• CTRL + ]
  • CTRL + 5
  • Press and hold CTRL and SHIFT while pressing 6 then ]

Create a metadata.json file with the following contents.



Use the previously downloaded script to make a Vagrant box from the qcow2 image.


bash junos-media-vsrx-x86-64-vmdisk-18.1R1.9.qcow2

# output
==> Creating box, tarring and gzipping
Total bytes written: 4768798720 (4.5GiB, 24MiB/s)
==> created
==> You can now add the box:
==>   'vagrant box add --name junos-media-vsrx-x86-64-vmdisk-18.1R1.9'

Create a metadata file called vsrx.json so that the box is added with the correct version number.


  "name": "juniper/vsrx",
  "description": "Juniper vSRX",
  "versions": [
      "version": "18.1R1.9-packetmode",
      "providers": [
          "name": "libvirt",
          "url": "file:///home/bradmin/vagrant/boxes/juniper/"

Add the box to Vagrant using the vsrx.json file.


vagrant box add vsrx.json

# output
==> box: Loading metadata for box 'vsrx.json'
    box: URL: file:///home/bradmin/vagrant/boxes/juniper/vsrx.json
==> box: Adding box 'juniper/vsrx' (v18.1R1.9-packetmode) for provider: libvirt
    box: Unpacking necessary files from: file:///home/bradmin/vagrant/boxes/juniper/
==> box: Successfully added box 'juniper/vsrx' (v18.1R1.9-packetmode) for 'libvirt'!

Confirm the vsrx box was added successfully.


vagrant box list

# output
CumulusCommunity/cumulus-vx   (libvirt, 3.6.0)
. <snip>
juniper/vsrx                  (libvirt, 12.1X47-D15.4-packetmode)
juniper/vsrx                  (libvirt, 12.1X47-D15.4)
juniper/vsrx                  (libvirt, 18.1R1.9-packetmode)


Use this Vagrantfile to test out the new vSRX Vagrant box.


# -*- mode: ruby -*-
# vi: set ft=ruby :

cwd = Dir.pwd.split("/").last

Vagrant.configure("2") do |config|

  config.vm.define "rt01" do |node|
    hostname = "rt01" = "juniper/vsrx"
    node.vm.box_version = "18.1R1.9-packetmode"
    node.vm.synced_folder ".", "/vagrant", id: "vagrant-root", disabled: true

    node.ssh.insert_key = false

    # Limit CPU once Box has finished booting.
    node.trigger.after :up do |trigger| = "Finished Message" = "Machine is up! : #{cwd}_#{hostname}" = {inline: "virsh schedinfo #{cwd}_#{hostname} --set vcpu_quota=33000"}

    node.vm.provider :libvirt do |domain|
      domain.nic_adapter_count = 1
      domain.disk_bus = "ide"
      domain.cpus = 2
      domain.memory = 4096



You may get 100% CPU on the host machine, the only way I could get this down without drastically affecting the box performance was to reduce the CPU scheduler access to 33% using the virsh schedinfo command. I am using a new feature in Vagrant 2.1.0 called triggers to execute the required command automatically once the box has booted up.


Lets vagrant up and make sure we can connect to the vSRX.


vagrant up

# output
Bringing machine 'rt01' up with 'libvirt' provider...
==> rt01: Checking if box 'juniper/vsrx' is up to date...
==> rt01: Uploading base box image as volume into libvirt storage...
==> rt01: Creating image (snapshot of base box volume).
==> rt01: Creating domain with the following settings...
==> rt01:  -- Name:              vsrx_rt01
==> rt01:  -- Domain type:       kvm
==> rt01:  -- Cpus:              2
==> rt01:
==> rt01:  -- Feature:           acpi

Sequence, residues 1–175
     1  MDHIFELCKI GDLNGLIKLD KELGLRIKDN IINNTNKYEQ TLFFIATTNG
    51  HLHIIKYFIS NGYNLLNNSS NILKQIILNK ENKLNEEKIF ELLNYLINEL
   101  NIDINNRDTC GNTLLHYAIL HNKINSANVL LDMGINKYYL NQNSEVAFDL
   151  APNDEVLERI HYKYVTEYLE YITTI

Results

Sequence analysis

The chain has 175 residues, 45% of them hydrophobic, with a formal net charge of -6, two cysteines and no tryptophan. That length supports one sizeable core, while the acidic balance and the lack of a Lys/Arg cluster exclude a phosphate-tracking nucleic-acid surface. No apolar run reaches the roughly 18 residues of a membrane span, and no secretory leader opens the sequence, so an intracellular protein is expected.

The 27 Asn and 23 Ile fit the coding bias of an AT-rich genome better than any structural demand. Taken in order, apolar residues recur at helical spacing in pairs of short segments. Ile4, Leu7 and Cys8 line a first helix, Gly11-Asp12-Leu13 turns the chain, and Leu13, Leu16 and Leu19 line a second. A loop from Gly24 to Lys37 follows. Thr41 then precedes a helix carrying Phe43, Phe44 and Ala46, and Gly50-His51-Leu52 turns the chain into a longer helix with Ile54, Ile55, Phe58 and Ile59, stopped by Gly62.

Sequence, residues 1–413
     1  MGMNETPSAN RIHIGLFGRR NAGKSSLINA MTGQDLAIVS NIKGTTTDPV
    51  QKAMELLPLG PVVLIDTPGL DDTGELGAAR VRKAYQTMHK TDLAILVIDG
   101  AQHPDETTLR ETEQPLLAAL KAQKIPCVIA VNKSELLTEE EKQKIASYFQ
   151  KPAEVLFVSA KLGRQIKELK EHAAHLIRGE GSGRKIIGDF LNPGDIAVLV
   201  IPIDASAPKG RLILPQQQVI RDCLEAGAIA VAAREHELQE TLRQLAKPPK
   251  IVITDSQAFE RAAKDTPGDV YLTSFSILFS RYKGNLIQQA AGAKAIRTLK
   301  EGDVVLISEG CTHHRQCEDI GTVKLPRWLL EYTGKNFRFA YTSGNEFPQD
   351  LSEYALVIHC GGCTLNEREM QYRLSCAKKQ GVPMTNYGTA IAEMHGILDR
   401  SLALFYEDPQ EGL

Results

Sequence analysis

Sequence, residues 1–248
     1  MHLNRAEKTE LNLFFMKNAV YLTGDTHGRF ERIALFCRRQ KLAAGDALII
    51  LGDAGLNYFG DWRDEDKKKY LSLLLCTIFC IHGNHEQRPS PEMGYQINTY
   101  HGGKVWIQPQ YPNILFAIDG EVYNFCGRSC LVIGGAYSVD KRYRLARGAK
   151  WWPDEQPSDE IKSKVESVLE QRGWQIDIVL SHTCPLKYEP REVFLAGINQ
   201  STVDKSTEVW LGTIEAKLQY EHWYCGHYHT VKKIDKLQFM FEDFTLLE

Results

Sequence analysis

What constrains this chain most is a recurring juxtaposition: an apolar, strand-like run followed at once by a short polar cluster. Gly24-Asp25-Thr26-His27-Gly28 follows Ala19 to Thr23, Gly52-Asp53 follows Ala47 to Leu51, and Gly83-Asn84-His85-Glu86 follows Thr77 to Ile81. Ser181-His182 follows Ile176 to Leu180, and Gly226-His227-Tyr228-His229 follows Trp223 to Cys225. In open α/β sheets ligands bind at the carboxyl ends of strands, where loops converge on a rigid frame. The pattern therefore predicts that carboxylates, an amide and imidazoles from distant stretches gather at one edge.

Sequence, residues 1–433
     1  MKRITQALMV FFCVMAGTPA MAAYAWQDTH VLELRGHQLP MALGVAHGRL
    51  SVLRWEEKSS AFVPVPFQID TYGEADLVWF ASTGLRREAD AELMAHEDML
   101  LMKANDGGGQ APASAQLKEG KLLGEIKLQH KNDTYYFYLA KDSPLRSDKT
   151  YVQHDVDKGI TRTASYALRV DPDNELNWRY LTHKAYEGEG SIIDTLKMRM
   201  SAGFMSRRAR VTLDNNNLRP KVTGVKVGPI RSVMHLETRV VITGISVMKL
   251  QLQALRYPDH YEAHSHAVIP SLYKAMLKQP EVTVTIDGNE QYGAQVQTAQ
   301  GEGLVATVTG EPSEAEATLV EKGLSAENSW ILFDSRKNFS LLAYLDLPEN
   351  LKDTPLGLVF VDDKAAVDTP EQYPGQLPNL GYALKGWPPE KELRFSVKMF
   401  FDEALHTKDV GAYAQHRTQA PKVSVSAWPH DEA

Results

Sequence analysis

==> rt01:  -- Feature:           apic
==> rt01:  -- Feature:           pae
==> rt01:  -- Memory:            4096M
==> rt01:  -- Management MAC:
==> rt01:  -- Loader:
==> rt01:  -- Base box:          juniper/vsrx
==> rt01:  -- Storage pool:      disk1
==> rt01:  -- Image:             /var/lib/libvirt/images/vsrx_rt01.img (16G)
==> rt01:  -- Volume Cache:      default
==> rt01:  -- Kernel:
==> rt01:  -- Initrd:
==> rt01:  -- Graphics Type:     vnc
==> rt01:  -- Graphics Port:     -1
==> rt01:  -- Graphics IP:
==> rt01:  -- Graphics Password: Not defined
==> rt01:  -- Video Type:        cirrus
==> rt01:  -- Video VRAM:        9216
==> rt01:  -- Sound Type:
==> rt01:  -- Keymap:            en-us
==> rt01:  -- TPM Path:
==> rt01:  -- INPUT:             type=mouse, bus=ps2
==> rt01: Creating shared folders metadata...
==> rt01: Starting domain.
==> rt01: Waiting for domain to get an IP address...
==> rt01: Waiting for SSH to become available...
==> rt01: Configuring and enabling network interfaces...
    rt01: SSH address:
    rt01: SSH username: vagrant
    rt01: SSH auth method: private key
==> rt01: Running triggers after up ...
==> rt01: Running trigger: Finished Message...
==> rt01: Machine is up! : vsrx_rt01
    rt01: Running local: Inline script
    rt01: virsh schedinfo vsrx_rt01 --set vcpu_quota=33000
    rt01: Scheduler      : posix
    rt01: cpu_shares     : 1024
    rt01: vcpu_period    : 100000
    rt01: vcpu_quota     : 33000
    rt01: emulator_period: 100000
    rt01: emulator_quota : -1

Now SSH into vSRX.


# from host shell
vagrant ssh

# now in vSRX shell
Last login: Sat May 12 04:39:58 2018
--- JUNOS 18.1R1.9 Kernel 64-bit  JNPR-11.0-20180308.0604c57_buil
vagrant@vsrx> show version
Hostname: vsrx
Model: vsrx
Junos: 18.1R1.9

Now that we are able to connect now lets clean up the box.


# from host shell
vagrant destroy -f

# output
==> rt01: Removing domain...

Remove the original KVM image.


rm -f junos-media-vsrx-x86-64-vmdisk-18.1R1.9.qcow2
virsh undefine vsrx

# output
Domain vsrx has been undefined


The vSRX is a staple platform in the Juniper product line. If you made it this far you will have a modern Juniper vSRX Vagrant box configured for use with the vagrant-libvirt provider. Now it's time to go out and build some Juniper labs.


vagrant juniper libvirt